- If there are many variables, then the number of combinations can become very large very quickly, which results in too much data to maintain
- Test cases must be maintained in sync with changes to the AUT. This can take a long time if testing is done manually or using a record-and-playback tool
Data-driven testing using a no-code automation testing tool
Data-driven testing may sound very challenging and confusing for test automation. However, it is not a tedious task if approached with a good no-code automation testing platform. In addition, there are numerous benefits of using no-code automation testing tools like ACCELQ for data-driven testing, which will allow software testers to focus on other test automation initiatives.
Some of the significant benefits of using ACCELQ for data-driven testing are:
- The automation framework is already provided for data-driven testing, so testers can focus more on the scenarios and the input parameters rather than on designing the framework
- ACCELQ supports data-driven testing as a structural concept and automates the process of building optimal Test Case combinations required for test coverage.
- ACCELQ provides the concept of “Action Parameterization,” which powers data-driven testing. In this concept, Actions in ACCELQ can be parameterized, and test cases need not depend on hard-coded values; instead, we can provide input data as Action parameters. This will allow creating multiple test cases against the Scenario with different values for different Parameters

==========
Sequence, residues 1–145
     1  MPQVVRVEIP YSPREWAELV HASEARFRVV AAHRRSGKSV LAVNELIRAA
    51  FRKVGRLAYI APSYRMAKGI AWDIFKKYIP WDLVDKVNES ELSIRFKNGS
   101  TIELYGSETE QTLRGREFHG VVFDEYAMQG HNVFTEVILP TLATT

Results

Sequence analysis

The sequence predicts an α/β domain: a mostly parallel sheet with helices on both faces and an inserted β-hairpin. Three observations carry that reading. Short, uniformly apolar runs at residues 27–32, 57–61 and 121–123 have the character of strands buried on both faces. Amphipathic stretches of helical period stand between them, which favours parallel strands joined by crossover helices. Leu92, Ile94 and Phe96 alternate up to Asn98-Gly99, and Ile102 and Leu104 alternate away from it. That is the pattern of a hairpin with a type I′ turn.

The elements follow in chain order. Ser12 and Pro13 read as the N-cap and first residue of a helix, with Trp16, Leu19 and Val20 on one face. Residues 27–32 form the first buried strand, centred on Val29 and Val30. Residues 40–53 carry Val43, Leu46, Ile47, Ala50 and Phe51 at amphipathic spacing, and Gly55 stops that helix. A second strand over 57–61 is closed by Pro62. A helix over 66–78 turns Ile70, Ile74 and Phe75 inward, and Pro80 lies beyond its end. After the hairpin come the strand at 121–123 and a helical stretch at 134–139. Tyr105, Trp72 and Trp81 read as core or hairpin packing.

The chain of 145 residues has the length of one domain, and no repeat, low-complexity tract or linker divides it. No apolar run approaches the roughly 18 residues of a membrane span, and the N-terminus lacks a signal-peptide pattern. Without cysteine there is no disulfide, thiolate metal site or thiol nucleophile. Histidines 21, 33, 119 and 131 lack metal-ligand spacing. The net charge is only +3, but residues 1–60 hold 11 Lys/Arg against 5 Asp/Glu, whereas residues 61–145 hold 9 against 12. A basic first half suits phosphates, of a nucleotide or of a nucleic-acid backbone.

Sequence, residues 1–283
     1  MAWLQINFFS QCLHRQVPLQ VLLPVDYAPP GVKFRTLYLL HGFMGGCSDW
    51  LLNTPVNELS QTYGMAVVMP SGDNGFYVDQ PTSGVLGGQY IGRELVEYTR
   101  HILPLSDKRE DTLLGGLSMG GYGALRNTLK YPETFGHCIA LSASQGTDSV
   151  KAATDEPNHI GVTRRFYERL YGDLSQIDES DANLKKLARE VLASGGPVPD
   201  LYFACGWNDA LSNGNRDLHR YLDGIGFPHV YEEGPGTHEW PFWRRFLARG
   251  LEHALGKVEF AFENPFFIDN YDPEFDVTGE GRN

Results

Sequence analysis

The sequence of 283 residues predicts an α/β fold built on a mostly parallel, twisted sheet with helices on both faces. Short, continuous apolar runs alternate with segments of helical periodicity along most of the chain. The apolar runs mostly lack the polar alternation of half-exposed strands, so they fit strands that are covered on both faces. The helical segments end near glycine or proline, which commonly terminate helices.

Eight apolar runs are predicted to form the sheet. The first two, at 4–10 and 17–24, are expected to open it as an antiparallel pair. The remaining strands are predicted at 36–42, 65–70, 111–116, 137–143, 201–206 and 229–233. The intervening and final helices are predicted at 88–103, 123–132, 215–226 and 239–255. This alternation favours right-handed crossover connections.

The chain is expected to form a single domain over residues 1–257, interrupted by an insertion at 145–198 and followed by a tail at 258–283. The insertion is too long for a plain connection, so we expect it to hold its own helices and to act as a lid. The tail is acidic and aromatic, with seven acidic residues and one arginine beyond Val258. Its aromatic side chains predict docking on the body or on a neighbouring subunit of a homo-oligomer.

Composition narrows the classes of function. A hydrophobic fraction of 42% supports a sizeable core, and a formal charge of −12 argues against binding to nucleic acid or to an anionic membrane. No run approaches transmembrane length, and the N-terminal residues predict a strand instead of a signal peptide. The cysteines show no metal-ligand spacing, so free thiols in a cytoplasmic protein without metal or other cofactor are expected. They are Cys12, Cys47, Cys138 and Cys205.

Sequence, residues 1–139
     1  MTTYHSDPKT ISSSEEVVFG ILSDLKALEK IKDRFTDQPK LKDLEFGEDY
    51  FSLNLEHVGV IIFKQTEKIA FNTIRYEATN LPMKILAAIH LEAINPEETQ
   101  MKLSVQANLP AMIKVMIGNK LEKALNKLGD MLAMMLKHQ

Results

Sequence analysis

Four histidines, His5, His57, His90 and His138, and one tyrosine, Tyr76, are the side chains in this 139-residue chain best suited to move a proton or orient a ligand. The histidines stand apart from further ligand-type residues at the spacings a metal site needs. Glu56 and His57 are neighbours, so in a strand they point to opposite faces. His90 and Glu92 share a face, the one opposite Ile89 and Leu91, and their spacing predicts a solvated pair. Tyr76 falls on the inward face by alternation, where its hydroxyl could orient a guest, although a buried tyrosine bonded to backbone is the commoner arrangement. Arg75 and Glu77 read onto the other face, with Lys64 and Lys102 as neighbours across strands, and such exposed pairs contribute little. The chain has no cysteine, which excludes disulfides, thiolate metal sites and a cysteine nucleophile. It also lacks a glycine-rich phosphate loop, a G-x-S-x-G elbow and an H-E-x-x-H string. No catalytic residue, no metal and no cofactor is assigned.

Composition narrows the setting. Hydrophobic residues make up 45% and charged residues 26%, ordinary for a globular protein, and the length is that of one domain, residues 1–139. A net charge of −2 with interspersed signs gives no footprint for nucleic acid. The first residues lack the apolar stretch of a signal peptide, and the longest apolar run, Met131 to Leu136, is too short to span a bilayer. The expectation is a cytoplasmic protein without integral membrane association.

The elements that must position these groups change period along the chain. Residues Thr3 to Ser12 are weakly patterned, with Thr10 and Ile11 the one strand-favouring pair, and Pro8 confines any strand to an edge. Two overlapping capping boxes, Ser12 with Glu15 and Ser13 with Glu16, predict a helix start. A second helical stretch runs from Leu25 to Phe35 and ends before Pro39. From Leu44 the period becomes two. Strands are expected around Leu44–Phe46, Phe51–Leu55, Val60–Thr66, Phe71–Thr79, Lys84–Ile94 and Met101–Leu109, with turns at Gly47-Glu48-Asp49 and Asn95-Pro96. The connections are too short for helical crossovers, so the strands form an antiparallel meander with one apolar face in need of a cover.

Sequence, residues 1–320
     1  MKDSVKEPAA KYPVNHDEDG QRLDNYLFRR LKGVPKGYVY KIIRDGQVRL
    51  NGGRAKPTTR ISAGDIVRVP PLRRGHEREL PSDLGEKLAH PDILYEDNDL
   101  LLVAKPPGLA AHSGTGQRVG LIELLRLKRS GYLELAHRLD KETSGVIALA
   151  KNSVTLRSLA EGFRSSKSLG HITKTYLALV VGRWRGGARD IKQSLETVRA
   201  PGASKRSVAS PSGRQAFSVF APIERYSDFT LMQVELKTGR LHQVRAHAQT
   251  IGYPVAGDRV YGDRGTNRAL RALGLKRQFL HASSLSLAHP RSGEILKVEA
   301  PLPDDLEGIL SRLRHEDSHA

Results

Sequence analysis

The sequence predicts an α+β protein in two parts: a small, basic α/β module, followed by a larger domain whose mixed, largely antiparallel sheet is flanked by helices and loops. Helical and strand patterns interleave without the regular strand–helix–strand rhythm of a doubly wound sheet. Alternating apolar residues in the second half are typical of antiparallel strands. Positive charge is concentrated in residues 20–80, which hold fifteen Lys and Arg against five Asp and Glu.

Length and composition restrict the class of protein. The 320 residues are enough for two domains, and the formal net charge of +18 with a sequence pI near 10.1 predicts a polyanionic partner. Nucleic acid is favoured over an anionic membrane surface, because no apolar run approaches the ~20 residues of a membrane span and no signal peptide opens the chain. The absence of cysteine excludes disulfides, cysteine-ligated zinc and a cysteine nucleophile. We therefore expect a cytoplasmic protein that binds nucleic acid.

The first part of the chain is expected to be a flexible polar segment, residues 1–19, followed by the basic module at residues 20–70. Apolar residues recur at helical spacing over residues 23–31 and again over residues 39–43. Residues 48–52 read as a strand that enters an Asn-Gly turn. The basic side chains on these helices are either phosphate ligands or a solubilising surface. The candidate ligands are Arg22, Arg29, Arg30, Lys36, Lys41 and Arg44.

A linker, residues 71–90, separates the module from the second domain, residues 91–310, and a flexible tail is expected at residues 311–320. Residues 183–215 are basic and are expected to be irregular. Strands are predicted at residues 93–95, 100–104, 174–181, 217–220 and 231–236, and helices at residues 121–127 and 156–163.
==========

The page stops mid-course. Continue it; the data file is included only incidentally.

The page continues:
- Each Scenario can be defined into multiple “Test Cases,” which refers to the data input combinations against which the Scenario is repeatedly executed in a data-driven manner.
- ACCELQ allows automated Test generation if the input parameters are defined as a Data Type or Data list. This will reduce the overhead of manually creating a Test case for each permutation.
- Overall, using a no-code automation testing tool reduces the time taken for data-driven testing and increases the efficiency of software testers.
Data-Driven Testing offers a systematic way of managing test cases and test data. It also provides certain other advantages such as easy generation of test reports and management of test data. In addition, Data-Driven Testing helps automated tests run rapidly over an application with different input data and provides extensive coverage to ensure the performance of an application.